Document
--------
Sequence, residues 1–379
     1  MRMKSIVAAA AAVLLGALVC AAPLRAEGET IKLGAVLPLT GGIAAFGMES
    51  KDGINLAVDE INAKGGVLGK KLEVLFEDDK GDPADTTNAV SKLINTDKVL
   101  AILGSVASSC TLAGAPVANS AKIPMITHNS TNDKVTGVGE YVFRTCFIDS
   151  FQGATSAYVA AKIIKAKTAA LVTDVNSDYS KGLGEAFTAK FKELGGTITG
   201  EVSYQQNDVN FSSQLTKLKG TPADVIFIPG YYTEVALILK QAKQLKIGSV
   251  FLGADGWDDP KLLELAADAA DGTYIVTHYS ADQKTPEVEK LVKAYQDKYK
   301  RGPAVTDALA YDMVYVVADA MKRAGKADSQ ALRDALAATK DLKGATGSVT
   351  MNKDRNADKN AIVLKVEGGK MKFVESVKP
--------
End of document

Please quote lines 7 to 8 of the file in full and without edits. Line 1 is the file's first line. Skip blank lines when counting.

   251  FLGADGWDDP KLLELAADAA DGTYIVTHYS ADQKTPEVEK LVKAYQDKYK
   301  RGPAVTDALA YDMVYVVADA MKRAGKADSQ ALRDALAATK DLKGATGSVT